So are there zombies in Resident Evil Village? There’s always a chance there are some lurking around later in the game, but based on what we’ve seen so far, it appears the answer is “no.” To be honest, I’m starting to think that’s a good thing.

Resident Evil has always featured a variety of monsters, but for over 20 years, the shambling undead was the franchise’s default enemy type. Zombies remained relevant in horror culture throughout much of that time (increasingly so by the time the mid-2000s rolled around), so their presence usually went unquestioned. Actually, there was a time when the idea of having a Resident Evil game without a zombie was like having a Super Mario platformer without a Goomba. Sure, we can dispatch them rather easily, but it’s really about the ritual.

Now, though, I’m not so sure that the Resident Evil team should feel quite so obligated to bring zombies back into the fold. As we saw in the preview for Zack Snyder’s Army of the Dead, which featured zombie war councils and hints at zombie love, the idea of the zombie has evolved quite a bit over the years. George Romero’s zombies walked so that 28 Days Later’s zombies could run so that modern zombies could be pretty much whatever their creators want them to be.

As basic enemies, though, zombies in Resident Evil games are starting to feel increasingly…well…basic. As we’ve seen by the reaction to Lady Dimitrescu, Resident Evil fans seem to be…thirsty for unique character designs, and the game’s creators seem to enjoy diving deeper into horror history to come up with those new designs. Sure, they could design zombies that are a little more modern and capable, but if you’re going to do that, then why not just throw zombies out entirely and pursue something that we maybe haven’t seen so much of before?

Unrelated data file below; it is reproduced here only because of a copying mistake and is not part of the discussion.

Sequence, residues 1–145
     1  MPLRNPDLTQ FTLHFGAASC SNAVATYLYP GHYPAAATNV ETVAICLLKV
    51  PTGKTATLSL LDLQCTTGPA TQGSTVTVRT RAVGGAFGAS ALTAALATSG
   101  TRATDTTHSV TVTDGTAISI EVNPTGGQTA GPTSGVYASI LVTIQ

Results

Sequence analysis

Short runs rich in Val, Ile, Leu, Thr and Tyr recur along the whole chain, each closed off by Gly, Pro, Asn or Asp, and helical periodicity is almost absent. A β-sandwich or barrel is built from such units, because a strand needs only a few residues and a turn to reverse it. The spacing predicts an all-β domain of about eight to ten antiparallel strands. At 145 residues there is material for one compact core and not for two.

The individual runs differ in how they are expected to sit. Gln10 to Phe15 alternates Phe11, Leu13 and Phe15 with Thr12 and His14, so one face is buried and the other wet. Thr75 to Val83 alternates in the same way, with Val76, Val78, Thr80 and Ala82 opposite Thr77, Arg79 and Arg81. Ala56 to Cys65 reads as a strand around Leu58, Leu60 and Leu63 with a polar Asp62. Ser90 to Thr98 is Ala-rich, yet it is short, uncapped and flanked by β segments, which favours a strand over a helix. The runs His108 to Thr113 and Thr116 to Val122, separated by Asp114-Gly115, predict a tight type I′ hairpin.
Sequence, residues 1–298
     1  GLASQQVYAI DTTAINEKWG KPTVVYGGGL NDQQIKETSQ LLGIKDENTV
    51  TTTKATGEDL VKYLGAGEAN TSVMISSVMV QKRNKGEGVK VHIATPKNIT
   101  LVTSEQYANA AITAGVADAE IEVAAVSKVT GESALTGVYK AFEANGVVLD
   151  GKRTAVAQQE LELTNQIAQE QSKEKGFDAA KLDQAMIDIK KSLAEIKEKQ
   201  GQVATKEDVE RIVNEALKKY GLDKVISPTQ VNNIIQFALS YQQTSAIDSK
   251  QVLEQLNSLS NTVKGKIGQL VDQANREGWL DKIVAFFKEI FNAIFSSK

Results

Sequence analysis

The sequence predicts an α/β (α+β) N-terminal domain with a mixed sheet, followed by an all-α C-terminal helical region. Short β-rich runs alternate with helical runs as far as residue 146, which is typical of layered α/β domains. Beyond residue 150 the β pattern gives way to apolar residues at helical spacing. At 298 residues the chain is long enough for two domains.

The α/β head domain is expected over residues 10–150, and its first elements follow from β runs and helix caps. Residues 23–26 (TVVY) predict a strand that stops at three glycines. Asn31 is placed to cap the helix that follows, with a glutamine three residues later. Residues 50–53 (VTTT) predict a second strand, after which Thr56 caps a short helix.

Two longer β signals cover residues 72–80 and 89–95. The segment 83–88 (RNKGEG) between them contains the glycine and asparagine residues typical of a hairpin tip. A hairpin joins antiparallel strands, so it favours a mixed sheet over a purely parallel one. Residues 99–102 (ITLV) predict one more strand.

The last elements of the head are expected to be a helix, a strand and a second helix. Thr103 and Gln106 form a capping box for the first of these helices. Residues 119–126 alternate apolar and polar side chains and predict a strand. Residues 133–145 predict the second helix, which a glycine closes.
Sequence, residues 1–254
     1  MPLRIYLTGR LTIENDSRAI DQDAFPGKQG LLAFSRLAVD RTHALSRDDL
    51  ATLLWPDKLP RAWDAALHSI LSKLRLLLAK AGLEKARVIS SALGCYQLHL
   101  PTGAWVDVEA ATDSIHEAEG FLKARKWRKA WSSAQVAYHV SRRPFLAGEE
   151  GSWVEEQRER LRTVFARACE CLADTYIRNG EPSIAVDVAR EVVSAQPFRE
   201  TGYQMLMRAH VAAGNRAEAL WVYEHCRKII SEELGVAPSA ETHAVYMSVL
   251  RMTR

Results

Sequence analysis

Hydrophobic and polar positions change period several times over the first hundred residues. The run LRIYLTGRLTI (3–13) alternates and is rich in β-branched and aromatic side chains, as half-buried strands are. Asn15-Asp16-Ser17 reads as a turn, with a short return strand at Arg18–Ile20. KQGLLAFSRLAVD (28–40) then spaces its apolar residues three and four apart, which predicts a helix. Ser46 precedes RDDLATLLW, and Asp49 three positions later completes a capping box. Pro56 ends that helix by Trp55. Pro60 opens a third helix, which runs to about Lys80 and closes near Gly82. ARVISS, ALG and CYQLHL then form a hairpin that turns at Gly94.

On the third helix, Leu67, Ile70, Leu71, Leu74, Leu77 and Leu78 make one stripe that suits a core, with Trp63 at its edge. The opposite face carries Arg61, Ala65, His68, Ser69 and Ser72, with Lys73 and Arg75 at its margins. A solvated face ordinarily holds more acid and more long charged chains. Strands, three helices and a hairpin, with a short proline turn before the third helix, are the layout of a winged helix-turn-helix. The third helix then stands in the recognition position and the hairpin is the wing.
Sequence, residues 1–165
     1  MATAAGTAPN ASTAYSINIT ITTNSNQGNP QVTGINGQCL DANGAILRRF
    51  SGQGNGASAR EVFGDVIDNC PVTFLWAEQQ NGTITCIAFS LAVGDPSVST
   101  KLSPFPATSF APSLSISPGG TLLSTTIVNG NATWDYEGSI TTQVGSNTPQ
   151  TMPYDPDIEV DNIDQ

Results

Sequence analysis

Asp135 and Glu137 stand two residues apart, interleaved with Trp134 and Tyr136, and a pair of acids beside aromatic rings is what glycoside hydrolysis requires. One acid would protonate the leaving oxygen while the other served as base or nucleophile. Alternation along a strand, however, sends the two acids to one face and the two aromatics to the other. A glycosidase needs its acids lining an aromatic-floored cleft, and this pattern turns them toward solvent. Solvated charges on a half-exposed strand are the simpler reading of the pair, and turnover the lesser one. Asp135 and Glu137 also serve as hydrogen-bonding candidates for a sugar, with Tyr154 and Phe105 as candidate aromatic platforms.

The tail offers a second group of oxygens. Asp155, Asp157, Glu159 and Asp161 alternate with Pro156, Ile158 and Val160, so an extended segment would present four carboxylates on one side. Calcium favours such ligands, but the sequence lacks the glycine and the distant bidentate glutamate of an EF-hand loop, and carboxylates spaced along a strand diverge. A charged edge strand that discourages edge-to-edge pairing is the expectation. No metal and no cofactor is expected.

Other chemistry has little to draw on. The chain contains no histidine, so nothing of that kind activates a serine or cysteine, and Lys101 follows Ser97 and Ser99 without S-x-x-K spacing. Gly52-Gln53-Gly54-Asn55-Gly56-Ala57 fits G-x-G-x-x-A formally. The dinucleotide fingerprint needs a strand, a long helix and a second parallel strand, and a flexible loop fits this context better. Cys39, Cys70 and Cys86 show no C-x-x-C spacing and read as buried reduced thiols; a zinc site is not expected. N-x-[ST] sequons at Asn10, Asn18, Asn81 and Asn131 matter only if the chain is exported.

Movies like One Cut of the Dead show that there are certainly unique zombie stories left to tell, and The Walking Dead‘s absurd popularity over the years seems to prove that those predictions of zombie burnout we’ve heard before haven’t come true quite yet. Maybe the Resident Evil franchise has one great zombie game left in it, but I feel like that game would need to be specifically designed to account for the unique opportunities presented by a zombie threat (such as needing to hold up in a fixed location surrounded by undead) rather than try to force zombies into the experience as the “default” enemy type.

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More importantly, for a series that initially distinguished itself partially based on the novelty of being a horror game starring zombies at a time when that concept was still a novelty, maybe it’s time for all of us to realize that one of the core components of this franchise isn’t the undead; it’s the ability to look at classic archetypes in a new way and perhaps even come up with some new ones in the process.

I’m not sure if Village’s werewolves and vampires will survive to see Resident Evil 9, but I do know that I’d like to see whatever comes next take more inspiration from their innovations rather than fallback on the idea that Resident Evil has to eventually return to zombies.